Can We Talk?: Why Are We Still Seeing Pressure Ulcers?

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Janice M. Beitz, PhD, RN, CS, CNOR, CWOCN, CRNP, MAPWCA; Professor of Nursing, School of Nursing-Camden, Rutgers University, Camden, NJ

  Pressure ulcer (PU) prevention has become a great healthcare irony. We know how to prevent PUs, yet according to a 2008 report from the Agency for Healthcare Research and Quality,1 their incidence and prevalence have increased substantially in recent decades in hospitalized patients in the United States. PUs are considered such a serious and complex a healthcare problem, Healthy People 2010 and Healthy People 2020 identify them as a critical target.2,3 The federal government considers Stage III and Stage IV ulcers reasonably preventable and directed the Centers for Medicare and Medicaid Services4 (CMS) to not reimburse hospitals for higher stage levels for hospital-acquired PUs. In 2011, the Joint Commission5 established a national patient safety goal targeting PU prevention through assessment, re-assessment, and prompt interventions. In short, contemporary stakes are high and expectations the most stringent in the history of American healthcare — PUs and their prevention are a measure of healthcare quality.

  What is known about PU prevention? Guidelines and best practices abound.6-11 PU prevention toolkits are available.6,12 The commonalities of evidence among these multidisciplinary approaches are compelling yet remarkably simple.

  Generally, we understand theoretically how to prevent most (not all) PUs — ie, the structural underpinnings are in place. PU prevention is founded on core activities and bundled protocols that include the following components: admission and continuing skin assessments, risk assessment for skin breakdown using a validated instrument (eg, Braden Scale), identification and amelioration of patient etiologic and risk factors (eg, poor nutrition, altered mental status, immobility), support surfaces to redistribute pressure, repositioning as necessary, bowel and bladder management, and documentation of all aspects. Nutritional support and standardized education on all components related to care also are recognized considerations.10,13-16 There is no dearth of evidence-based approaches (structure).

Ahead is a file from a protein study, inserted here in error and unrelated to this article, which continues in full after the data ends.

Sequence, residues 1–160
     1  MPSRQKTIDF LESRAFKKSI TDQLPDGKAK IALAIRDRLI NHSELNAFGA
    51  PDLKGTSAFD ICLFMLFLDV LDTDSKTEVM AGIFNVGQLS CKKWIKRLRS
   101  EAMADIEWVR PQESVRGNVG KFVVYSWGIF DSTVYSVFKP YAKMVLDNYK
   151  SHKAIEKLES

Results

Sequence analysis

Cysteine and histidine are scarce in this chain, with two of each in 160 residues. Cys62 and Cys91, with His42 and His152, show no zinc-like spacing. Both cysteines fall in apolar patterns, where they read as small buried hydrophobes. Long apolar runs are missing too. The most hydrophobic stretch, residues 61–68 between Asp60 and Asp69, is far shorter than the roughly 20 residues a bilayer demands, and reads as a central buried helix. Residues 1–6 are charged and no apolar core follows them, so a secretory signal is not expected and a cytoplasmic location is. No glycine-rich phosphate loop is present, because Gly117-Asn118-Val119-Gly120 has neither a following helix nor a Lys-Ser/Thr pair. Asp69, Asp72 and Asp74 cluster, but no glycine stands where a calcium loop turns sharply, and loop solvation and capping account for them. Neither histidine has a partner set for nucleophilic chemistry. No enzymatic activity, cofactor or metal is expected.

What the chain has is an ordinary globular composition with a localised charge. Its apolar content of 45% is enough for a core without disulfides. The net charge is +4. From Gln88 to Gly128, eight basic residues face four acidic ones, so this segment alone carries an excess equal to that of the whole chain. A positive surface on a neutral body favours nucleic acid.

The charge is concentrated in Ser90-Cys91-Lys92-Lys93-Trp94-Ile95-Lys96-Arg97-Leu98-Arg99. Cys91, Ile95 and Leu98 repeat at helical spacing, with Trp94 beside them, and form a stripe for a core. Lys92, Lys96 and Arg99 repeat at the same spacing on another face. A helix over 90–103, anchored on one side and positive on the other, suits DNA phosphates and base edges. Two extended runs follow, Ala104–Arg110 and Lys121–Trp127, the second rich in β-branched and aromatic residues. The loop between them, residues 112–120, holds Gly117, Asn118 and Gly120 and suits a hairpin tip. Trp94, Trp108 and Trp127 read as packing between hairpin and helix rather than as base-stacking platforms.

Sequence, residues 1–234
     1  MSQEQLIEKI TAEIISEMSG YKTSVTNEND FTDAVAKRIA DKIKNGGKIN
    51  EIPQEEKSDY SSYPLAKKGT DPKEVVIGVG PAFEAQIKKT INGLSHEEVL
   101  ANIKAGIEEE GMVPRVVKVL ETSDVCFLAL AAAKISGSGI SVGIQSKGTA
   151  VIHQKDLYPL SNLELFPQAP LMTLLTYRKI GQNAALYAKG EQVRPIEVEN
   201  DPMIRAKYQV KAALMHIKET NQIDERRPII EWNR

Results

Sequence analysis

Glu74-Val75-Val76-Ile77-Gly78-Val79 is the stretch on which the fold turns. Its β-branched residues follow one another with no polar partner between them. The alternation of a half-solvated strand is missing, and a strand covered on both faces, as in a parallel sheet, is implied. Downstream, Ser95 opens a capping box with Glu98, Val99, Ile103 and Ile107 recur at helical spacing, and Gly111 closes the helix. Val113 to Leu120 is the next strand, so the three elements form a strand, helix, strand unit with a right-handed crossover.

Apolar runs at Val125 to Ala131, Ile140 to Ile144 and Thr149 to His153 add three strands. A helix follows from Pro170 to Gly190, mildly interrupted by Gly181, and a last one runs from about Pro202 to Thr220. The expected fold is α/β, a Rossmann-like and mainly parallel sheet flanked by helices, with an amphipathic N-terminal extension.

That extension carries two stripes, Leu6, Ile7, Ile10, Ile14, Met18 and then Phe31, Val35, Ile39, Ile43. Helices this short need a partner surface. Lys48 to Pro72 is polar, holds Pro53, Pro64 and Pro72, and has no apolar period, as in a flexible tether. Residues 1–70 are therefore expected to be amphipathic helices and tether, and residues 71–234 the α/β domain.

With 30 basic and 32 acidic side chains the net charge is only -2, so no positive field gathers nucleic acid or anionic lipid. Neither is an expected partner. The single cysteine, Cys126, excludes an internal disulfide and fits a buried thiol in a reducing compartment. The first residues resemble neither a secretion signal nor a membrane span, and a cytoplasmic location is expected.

Structure versus process. Research suggests the problem is not structure as much as process. Several recent studies describe the hindrances in what Ayello17 calls “changing systems, changing cultures” and changing perceptions about what constitutes quality.15 Others suggest organizational culture must enact a zero tolerance for PUs. But how does one get there? Is it just attitudinal or much more complex?

  Various studies support that evidence must be translated into bedside practice.13,18 Vose et al19 described systemwide implementation of a new skin assessment tool that enabled clinicians and managers to track whether needed prevention interventions were implemented. Dahlstrom et al20 tackled an urban academic hospital’s dismal history of PU documentation quality. Jankowski and Nadzam13 studied gaps, barriers, and solutions for implementing PU prevention programs among four hospitals where although a well-designed, evidence-based PU prevention program was in place, physician noninvolvement, faulty communication, and limited education and opportunities for feedback regarding care confounded the processes. Their study yielded the following strategies, later supported and augmented by McElHenny and Hooper21:
    • Involve all levels of nursing staff in PU education
    • Disseminate information about PU prevention to all hospital employees who interact with patients
    • Provide education to all medical staff about PU prevention, targeting their roles in nutrition, hydration, and mobilization interventions
    • Actively seek quality improvement feedback from all levels of unlicensed nursing personnel
    • Include PU risk status in handoff communication (written and verbal)
    • Conduct observation of bedside practices to evaluate the quality of PU prevention